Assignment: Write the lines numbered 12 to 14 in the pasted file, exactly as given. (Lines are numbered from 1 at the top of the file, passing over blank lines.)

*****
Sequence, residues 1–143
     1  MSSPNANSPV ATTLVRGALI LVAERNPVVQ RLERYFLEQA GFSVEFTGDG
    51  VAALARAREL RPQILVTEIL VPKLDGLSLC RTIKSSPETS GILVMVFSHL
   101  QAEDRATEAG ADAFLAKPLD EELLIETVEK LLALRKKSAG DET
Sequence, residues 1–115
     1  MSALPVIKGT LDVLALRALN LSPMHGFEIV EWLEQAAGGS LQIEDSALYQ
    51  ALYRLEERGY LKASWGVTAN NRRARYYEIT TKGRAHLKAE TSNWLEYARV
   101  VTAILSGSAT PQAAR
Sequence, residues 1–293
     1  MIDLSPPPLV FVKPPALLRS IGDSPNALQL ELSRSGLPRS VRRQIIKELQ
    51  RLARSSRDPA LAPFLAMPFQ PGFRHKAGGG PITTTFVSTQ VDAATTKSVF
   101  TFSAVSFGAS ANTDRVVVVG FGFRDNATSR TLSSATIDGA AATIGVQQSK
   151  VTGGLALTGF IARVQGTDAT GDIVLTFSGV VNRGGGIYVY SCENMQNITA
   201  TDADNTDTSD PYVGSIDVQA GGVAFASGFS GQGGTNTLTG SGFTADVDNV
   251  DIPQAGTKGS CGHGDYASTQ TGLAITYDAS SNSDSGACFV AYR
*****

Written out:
   101  TFSAVSFGAS ANTDRVVVVG FGFRDNATSR TLSSATIDGA AATIGVQQSK
   151  VTGGLALTGF IARVQGTDAT GDIVLTFSGV VNRGGGIYVY SCENMQNITA
   201  TDADNTDTSD PYVGSIDVQA GGVAFASGFS GQGGTNTLTG SGFTADVDNV